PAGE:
Carson firefighters increasingly rely on neighbors
January 25, 2008
On average, the Carson City Fire Department handles 23 calls a day, but Thursday was one for the record books with three paramedic ambulance crews covering 39 calls.
At about 2:30 p.m. the system was overloaded, seven calls seemed to come in almost simultaneously, and Carson City relied heavily on its neighbors.
Lyon, Douglas, and Tahoe districts each transported one patient and the Sierra Fire Protection District sent one ambulance to stand by at the county line.
“What’s happening right now probably happens one or two times a month,” Fire Chief Stacey Giomi said that crazy afternoon. “We had a public safety master plan done in 2000 and based on that information – based on industry standards – we ought to have one more engine and probably two more ambulances. Budgetarily speaking, that’s pretty big.”
The city is considering major cuts to keep afloat in a slow economy and a slump in sales taxes. City Manager Linda Ritter said a citizen’s committee is looking at options for funding public safety.
During the work week the population in Carson City can reach up to 80,000 people, with the Nevada State Demographer’s office reporting a population of about 57,000 residents. Three paramedic ambulances cover the city.
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Douglas County’s East Fork Fire Protections District has five paramedic ambulances per shift. Tahoe Douglas Fire Protection District, which covers the Douglas County portion of Lake Tahoe, has one. Douglas County has a population of about 54,000, with tourism bringing it up to 75,000 on some days.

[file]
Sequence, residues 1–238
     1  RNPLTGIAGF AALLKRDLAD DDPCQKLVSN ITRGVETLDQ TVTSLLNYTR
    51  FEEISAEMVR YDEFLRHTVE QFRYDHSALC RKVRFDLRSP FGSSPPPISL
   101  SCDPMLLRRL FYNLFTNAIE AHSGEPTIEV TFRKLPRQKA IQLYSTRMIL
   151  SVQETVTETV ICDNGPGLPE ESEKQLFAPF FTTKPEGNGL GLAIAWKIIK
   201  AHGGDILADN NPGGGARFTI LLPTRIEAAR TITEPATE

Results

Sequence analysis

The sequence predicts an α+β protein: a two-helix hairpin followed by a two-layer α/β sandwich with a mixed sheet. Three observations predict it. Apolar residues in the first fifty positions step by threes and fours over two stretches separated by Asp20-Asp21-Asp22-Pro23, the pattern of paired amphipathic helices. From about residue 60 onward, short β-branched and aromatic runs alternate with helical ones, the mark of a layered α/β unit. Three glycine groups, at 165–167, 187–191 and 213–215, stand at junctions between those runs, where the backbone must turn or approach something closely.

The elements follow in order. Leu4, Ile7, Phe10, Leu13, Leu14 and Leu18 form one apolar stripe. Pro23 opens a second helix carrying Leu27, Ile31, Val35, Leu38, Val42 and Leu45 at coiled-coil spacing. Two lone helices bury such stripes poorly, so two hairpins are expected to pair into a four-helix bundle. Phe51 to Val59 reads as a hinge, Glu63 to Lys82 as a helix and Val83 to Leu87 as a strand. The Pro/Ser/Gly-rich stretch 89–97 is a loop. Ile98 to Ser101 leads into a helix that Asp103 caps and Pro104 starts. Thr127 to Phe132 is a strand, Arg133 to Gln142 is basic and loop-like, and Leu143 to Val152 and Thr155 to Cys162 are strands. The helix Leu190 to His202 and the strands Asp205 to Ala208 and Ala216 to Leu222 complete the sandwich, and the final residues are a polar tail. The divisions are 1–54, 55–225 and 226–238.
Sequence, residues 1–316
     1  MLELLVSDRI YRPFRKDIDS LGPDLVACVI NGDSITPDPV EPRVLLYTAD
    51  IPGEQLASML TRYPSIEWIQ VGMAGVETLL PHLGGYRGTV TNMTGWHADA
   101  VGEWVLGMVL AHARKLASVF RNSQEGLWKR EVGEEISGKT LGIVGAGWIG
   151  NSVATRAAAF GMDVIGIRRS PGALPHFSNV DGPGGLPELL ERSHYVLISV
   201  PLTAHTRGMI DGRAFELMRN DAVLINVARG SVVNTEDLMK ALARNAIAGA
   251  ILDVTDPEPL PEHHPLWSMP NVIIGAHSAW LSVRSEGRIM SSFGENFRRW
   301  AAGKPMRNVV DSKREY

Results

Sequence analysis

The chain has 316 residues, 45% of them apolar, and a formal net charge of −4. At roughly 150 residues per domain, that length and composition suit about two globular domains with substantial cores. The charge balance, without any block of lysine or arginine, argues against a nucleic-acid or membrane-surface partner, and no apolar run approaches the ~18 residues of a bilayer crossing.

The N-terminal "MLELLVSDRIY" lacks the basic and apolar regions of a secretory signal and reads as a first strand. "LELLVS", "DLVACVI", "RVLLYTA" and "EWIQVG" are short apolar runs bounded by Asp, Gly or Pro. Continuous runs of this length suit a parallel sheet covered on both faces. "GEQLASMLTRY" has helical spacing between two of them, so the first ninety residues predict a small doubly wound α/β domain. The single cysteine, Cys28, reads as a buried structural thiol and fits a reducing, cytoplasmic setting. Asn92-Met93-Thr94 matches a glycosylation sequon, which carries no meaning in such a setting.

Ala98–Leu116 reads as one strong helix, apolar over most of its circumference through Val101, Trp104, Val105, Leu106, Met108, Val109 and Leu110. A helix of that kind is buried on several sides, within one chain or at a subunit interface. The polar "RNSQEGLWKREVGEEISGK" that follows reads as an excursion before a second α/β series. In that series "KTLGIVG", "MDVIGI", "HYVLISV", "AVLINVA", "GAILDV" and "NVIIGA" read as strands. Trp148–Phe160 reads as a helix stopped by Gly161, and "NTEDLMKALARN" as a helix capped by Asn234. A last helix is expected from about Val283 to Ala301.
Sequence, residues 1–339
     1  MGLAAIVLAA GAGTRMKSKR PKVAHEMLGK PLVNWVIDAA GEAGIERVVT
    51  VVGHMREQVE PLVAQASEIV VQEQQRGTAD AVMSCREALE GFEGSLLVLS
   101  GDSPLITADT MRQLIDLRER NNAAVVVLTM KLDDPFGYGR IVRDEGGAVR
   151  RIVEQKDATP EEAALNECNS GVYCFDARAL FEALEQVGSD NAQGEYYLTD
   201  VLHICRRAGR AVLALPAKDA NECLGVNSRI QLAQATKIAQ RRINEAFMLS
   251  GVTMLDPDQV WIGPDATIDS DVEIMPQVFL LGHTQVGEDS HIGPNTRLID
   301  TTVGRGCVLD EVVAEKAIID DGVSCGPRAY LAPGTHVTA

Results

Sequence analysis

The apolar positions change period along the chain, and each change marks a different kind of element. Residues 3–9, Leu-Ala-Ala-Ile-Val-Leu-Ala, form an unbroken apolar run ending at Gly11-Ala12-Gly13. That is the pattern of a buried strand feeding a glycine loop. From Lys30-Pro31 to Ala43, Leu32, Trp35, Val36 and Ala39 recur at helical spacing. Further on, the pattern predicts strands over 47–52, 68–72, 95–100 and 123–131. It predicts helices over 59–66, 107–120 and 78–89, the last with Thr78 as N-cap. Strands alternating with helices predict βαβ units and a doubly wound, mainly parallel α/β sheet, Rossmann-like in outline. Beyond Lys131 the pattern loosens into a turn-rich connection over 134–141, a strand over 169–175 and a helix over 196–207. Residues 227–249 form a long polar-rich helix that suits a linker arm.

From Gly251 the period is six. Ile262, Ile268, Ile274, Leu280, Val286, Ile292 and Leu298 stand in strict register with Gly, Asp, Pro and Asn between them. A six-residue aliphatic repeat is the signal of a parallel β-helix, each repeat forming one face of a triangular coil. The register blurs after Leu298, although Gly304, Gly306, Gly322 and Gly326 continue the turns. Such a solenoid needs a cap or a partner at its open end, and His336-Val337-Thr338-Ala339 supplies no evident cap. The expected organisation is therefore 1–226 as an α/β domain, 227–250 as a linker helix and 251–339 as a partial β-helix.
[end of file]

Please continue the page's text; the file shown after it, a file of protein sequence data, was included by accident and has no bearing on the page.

Lyon County has four ambulances per shift for its four fire districts. The population there is estimated at 50,000.
Last year, Carson City fire crews responded to 7,800 calls for service. Douglas responded to 4,900 calls and Lyon County’s four districts averaged about 4,000.
Carson City has to rely on its neighbors for backup, said Giomi.
“We are particularly taxed on our side. The average increase in calls for service goes up 5 percent each year. It’s approaching the point where we couldn’t survive without cooperation from our adjoining departments.”
Said Ritter: “We do use them more often than we’d like. Business just goes up, unfortunately the revenue doesn’t match it.”
Ritter, Giomi, East Fork’s Fire Captain Terry Taylor and Central Lyon County’s Chief John Gillenwater agreed, and Carson does its share in supporting those other counties as well.
Gillenwater said he feels for Carson City and the plight of the department. His own department struggles with its resources, but they respond to far fewer calls than their neighbor to the west, he noted.
“Carson really needs a fourth station. Carson City firefighters are some of the hardest working firefighters in the state because of the amount of calls they have and how few staff.
“I have a lot of respect for those guy,” he said. “I would love to see them have a fourth station. It just makes sense to me. It’s just one of those things that makes your gut not feel good – these guys are a really on the edge all the time.”
• Contact reporter F.T. Norton at firstname.lastname@example.org or 881-1213.